Yoga Journal Conference

Last weekend I attended the Yoga Journal Conference in Lake Geneva, Wisconsin.  The classes I signed up for were a blend of old-school and new-school as I like to both connect with the wisdom of the eexperienced teachers as well as to keep my finger on the pulse on what is going on in the yoga industry.

Indeed, yoga has become an industry.  It is fast becoming more about the clothes, the props, the “body beautiful,” and complicated asanas. There are now bootcamps and competitive events in yoga. These instructors – because they are certainly not teachers in my opinion – argue that competition has been the norm in India for years and they are not violating yogic principles just celebrating the art..

That may be the case but I doubt if any of the yoga competitions in India were conducted by individuals who got “certified” by some organization over the weekend.  If we are comparing ourselves to the teachers in India – as if that is enough of a criteria by itself – then let’s make it equal in all parts. In India before a student becomes a teacher, they must be a student for at least ten years. Go to your local fitness center and ask the yoga instructor how many years he/she practiced yoga as a student before becoming certified by only one of many organizations who make a lot of money churning out volumes of these people.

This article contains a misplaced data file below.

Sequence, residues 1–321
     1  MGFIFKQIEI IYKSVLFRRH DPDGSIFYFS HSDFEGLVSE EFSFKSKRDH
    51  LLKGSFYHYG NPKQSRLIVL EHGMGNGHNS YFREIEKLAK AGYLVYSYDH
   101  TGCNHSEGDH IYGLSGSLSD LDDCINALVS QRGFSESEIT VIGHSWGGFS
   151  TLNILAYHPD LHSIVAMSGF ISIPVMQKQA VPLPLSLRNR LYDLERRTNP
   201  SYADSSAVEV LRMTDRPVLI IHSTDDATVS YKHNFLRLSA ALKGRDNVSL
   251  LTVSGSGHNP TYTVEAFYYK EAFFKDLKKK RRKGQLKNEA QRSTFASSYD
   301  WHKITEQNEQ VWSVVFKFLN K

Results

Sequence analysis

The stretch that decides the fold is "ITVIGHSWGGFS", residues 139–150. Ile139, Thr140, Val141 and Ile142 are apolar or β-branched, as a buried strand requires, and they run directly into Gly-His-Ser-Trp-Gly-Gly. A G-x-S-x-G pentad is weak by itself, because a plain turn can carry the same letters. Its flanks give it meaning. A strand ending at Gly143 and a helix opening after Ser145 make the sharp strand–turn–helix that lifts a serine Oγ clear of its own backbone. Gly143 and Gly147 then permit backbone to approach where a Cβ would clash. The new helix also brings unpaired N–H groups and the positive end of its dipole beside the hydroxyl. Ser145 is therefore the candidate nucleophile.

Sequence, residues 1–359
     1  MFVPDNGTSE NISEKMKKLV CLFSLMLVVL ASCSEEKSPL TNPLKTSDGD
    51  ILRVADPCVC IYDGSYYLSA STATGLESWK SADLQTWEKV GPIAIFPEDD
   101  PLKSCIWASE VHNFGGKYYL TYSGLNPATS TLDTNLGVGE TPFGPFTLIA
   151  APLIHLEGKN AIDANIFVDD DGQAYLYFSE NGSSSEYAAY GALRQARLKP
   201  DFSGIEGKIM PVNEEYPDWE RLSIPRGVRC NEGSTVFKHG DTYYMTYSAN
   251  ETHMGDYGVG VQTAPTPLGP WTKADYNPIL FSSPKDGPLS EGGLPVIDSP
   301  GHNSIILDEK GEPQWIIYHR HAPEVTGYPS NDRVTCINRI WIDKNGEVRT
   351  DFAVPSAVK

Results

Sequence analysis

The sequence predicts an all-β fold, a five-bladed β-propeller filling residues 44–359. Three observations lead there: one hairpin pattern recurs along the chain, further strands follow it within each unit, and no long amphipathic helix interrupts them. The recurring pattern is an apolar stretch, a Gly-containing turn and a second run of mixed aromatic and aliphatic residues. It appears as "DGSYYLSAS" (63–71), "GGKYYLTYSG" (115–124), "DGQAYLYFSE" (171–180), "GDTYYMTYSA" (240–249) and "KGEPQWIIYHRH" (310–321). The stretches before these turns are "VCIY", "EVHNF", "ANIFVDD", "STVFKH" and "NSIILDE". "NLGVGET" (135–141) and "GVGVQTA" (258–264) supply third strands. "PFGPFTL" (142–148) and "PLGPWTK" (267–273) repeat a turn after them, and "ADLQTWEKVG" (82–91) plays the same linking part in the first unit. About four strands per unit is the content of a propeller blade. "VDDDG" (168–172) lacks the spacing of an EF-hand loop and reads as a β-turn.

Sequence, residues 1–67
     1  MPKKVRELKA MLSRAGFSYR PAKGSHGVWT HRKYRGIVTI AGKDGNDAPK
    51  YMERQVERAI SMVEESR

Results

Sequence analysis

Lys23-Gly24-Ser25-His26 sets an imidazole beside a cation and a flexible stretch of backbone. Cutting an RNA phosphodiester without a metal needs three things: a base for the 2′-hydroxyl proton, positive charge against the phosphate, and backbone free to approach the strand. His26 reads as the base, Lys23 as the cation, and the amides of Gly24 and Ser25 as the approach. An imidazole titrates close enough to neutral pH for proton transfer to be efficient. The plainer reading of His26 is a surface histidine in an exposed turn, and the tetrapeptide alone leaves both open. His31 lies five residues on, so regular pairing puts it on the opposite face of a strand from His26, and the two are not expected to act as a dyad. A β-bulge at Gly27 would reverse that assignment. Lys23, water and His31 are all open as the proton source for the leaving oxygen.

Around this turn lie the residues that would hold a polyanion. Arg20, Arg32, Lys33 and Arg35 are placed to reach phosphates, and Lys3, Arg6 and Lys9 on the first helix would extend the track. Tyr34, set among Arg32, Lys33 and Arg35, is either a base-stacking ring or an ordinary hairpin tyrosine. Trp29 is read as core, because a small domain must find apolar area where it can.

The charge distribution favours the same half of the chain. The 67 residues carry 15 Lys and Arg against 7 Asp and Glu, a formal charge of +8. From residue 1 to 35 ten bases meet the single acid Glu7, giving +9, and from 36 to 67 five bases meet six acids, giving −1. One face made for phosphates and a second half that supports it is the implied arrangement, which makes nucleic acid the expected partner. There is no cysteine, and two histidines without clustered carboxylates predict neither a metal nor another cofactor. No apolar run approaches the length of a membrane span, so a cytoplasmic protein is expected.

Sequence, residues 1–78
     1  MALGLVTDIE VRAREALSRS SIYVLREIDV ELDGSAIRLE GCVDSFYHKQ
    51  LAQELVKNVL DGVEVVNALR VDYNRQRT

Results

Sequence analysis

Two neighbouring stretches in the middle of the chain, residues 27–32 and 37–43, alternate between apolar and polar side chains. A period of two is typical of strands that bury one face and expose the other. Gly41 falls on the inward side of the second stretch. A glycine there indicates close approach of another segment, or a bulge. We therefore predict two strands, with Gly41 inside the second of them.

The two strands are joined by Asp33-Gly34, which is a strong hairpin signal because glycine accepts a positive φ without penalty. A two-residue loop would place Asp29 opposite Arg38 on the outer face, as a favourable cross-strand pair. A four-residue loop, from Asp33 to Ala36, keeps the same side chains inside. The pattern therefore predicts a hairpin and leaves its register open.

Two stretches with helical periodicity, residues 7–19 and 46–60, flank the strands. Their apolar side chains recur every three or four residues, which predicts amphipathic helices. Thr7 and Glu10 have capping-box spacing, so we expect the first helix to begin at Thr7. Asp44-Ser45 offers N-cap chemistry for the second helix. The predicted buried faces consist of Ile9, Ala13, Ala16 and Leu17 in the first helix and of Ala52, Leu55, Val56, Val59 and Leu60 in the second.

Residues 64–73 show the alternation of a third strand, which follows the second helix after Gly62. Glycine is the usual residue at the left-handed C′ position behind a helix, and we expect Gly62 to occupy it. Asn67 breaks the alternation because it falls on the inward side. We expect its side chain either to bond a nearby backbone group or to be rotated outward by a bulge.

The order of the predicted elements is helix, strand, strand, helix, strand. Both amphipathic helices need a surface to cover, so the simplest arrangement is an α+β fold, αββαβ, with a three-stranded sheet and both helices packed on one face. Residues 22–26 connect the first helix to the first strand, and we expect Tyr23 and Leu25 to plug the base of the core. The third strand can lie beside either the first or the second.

Classical yoga has first and foremost always been about self-knowing and includes the physical but also how you feel about yourself, what goes through your mind every day, what memories you have that are still bogging you down.  It includes the examination of the roots of the perpetual anger, fear, anxiety, and frustration that we may feel that poison your day’s routines and every relationship you have.

Memories and emotions live in the body and as Patricia Walden states, “your issues are in your tissues.”  Thus the reason for asana to begin with. At the very simplest, when you do your yoga class are you competitve?  Are there poses you avoid because you’re not very good at them?  Are you rigid in your practice?

After our physical practice, traditionally we practice pranayama and meditation. The issues that were released from our physical practice can now be examined and processed by the Self – the deep inner mind of wisdom. In case this sounds too New Age-y, think of it this way: the “self” is the guy who cut off the little old lady in traffic and the “Self” is the guy that knows better and suggests that in the future, you try a little more graciousness.  We are both of these qualities but very few of us ever connect with our Self. Examining this Self is what can result in powerful and positive changes in the quality of our lives. Merely having your hamstrings stretched does not result in enlightenment.

Many of the elders in the yoga community teach that the world we live in is created out of the conciousness we now possess. So, if the world is becoming more angry, more violent and competitive to the point that we feel okay about hurting others, then what possible good can come out of teaching yoga classes designed to be more competitive?

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